PM Turnbull says he's keen on transparency but shields the rich from transparency on tax, shrouds our gulags in secrecy about atrocities in detention and tells us zip about his tax haven investments. Not good enough, says former Assistant Commissioner of Taxation John Passant.
APPARENTLY, the Federal Government is keen on transparency. Malcolm Turnbull said so. However it is a funny type of government transparency that shrouds our gulags on Manus Island and Nauru in secrecy and threatens doctors and nurses with jail for revealing the truth about them.
Of course, this is a government of transparency. Its metadata retention and access laws mean it will know more about you than you do. Very transparent. To use the standard conservative line, if you have done nothing wrong you have nothing to fear. That worked for well for David Hicks and Mohamed Haneef didn’t it?
At the same time that this government is making your life totally “transparent”, it is doing the exact opposite when it comes to tax, especially of the very rich and big business. Last week, Labor Senator Dastyari revealed some details about the million dollar investments Prime Minister Malcolm Turnbull has in the tax haven that is the Cayman Islands.
Turnbull assured us he and his wife Lucy had paid the full amount of Australian tax. A few – too few – of us in the media have argued that because “the Prime Minister is no ordinary taxpayer” then “in the interests of justice and equity [he] should make all the information about his Cayman Islands arrangements public.” The Prime Minister’s Office has said he won’t be doing that. So a massive invasion of our privacy – metadata “transparency” – is appropriate for us but the minor inconvenience of releasing tax information is not appropriate for Mr Turnbull?
To use the conservatives cliché, if you have nothing to hide Mr Turnbull, you shouldn’t be afraid of releasing the details of your Cayman Island arrangements so the rest of us can test your claim that you have paid full Australian tax on your tax haven income.
But it is not just Mr Turnbull’s tax affairs that remain beyond the reach of the public. Under Labor, our tax laws were changed to enable the taxable income, total income and tax paid by business with a turnover great than $100 million to be published. Thanks to Opposition ineptitude, the government won a vote in the Senate last week to amend the law to remove big private businesses from this requirement.
So we will now not know the effective tax rates of these 700 or so big private companies. Not so long ago, the Commissioner of Taxation told us that one in five big private business paid no income tax. The effect of last week’s amendments means we will not know who they are, unless the Senate shows some backbone for once. More of that later.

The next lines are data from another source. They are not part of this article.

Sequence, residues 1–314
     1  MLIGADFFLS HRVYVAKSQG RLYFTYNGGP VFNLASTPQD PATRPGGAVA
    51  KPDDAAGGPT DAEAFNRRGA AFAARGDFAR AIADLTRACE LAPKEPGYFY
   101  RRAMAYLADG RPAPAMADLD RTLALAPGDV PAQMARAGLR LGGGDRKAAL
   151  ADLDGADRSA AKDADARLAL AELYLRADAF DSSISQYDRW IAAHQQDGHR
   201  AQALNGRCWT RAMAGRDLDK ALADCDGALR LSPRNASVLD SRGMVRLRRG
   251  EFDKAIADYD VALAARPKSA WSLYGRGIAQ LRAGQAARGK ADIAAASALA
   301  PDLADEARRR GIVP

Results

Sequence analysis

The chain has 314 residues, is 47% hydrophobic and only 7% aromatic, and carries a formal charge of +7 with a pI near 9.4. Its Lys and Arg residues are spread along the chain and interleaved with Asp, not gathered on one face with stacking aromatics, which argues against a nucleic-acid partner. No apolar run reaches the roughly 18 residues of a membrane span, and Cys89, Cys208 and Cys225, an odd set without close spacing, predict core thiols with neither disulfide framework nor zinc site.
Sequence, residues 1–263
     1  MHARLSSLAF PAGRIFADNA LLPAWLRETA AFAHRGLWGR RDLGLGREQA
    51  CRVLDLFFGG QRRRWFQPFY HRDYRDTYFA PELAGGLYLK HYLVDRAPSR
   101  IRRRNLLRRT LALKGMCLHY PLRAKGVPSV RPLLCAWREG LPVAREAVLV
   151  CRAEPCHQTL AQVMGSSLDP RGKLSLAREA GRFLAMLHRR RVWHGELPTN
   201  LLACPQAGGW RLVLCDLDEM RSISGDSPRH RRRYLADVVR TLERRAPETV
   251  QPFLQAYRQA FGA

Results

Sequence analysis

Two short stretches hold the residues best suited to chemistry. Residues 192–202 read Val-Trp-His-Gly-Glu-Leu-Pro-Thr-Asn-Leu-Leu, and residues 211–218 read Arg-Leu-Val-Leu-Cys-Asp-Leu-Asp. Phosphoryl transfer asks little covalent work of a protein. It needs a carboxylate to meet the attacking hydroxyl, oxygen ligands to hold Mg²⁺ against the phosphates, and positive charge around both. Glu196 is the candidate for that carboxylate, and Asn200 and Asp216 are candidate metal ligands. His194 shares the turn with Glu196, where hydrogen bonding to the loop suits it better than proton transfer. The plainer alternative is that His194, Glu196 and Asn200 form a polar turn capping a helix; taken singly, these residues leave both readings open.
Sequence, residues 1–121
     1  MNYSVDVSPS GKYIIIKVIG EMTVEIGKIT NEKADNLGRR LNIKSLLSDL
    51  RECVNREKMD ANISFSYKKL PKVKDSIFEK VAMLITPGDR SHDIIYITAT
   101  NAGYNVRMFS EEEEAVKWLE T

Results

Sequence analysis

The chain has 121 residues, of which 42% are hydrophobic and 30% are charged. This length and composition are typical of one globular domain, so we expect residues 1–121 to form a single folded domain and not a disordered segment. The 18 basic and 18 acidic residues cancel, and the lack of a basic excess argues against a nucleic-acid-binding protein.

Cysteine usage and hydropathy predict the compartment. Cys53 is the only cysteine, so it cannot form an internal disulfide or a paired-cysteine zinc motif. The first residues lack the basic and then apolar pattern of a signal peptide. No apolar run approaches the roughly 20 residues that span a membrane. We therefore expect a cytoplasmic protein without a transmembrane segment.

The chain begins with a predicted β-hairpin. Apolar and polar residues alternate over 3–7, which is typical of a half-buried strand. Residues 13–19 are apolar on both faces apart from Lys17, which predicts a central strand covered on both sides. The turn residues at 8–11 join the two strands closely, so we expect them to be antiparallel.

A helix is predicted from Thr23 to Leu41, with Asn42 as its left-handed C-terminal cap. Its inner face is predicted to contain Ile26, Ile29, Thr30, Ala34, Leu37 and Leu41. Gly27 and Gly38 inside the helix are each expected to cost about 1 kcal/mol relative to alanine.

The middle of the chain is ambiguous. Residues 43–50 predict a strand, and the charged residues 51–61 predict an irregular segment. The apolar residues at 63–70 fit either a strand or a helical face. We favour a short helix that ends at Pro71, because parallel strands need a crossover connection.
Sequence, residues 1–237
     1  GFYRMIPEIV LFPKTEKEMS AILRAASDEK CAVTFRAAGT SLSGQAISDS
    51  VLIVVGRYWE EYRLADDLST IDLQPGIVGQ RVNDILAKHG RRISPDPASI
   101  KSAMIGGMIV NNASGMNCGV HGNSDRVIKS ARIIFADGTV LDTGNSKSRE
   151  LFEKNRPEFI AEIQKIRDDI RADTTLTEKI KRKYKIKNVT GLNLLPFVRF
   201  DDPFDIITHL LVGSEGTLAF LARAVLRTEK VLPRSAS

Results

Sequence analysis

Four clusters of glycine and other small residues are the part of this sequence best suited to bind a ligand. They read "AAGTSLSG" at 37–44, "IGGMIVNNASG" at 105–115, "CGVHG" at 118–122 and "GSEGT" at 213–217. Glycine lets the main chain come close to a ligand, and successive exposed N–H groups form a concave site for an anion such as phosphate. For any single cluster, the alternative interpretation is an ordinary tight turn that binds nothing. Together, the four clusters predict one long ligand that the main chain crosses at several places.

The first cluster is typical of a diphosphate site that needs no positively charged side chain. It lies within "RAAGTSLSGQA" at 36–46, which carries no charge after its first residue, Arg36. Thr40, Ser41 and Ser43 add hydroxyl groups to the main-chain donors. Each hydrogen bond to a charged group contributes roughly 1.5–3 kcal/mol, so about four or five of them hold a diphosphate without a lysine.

Remember the laughter that met Malcolm Turnbull when he told the NSW Liberals that there were no factions in the Party? Even more laughable was his claim that the Liberals were not beholden to big business. The removal of the requirement for private companies with a turnover of more than $100 million to reveal the amount of income tax they pay looks to me as being a classic example of the Liberal-National Party government acting in the interests of sections of big business.
Who will benefit from this removal of tax transparency? Among others — Gina Rinehart, James Packer and Russell Withers are all saved the bother of having the company tax their private companies pay revealed to you and me. Russell Withers I hear you ask. Oh, you may know him as the multibillionaire in charge of the 7-Eleven empire in Australia. God and the Turnbull government forbid we know how much his empire profits from the exploitation of vulnerable workers and how much tax his company pays.
Russell Withers, CEO and Founder of 7-Eleven, was chair of the Aus Institute of Company Directors. Makes you think. pic.twitter.com/kV3KpM9UCX— Alexander White (@alexanderwhite) September 24, 2015
The first reason the government offered for this change was that criminals would be tempted to kidnap the super-rich if their tax information was released. Evidently these criminals would troll through the ATO site (guaranteed to be almost incomprehensible to those without an accounting or similar background) for information about private companies rather than buy a copy of the BRW Rich List.
It has now become obvious that this excuse was made up by the government to provide a cover for its real reason for the change — to protect its rich mates from the public opprobrium that would arise when we realised how little they in fact were contributing in income tax to Australia.
So the government came up with a second reason. We members of the public wouldn’t understand the figures and would draw incorrect conclusions from them. Yeah, that is what they really think of us. In their eyes we are just dumb plebs. Nothing to do with the fact that the figures might just reveal how little tax big business pays.
So what can we do? Well, if Labor and the Greens are serious about finding out how much or how little income tax big private businesses pay, they could grill the Commissioner of Taxation for the names and tax details of those companies. If he doesn’t provide them then they could jail him for contempt. Over to you Senator Dastyari.
I think it's terrific PM Turnbull has such faith in the Australian economy he chooses to invest his money in the Cayman Islands.— Dave Donovan (@davrosz) October 16, 2015
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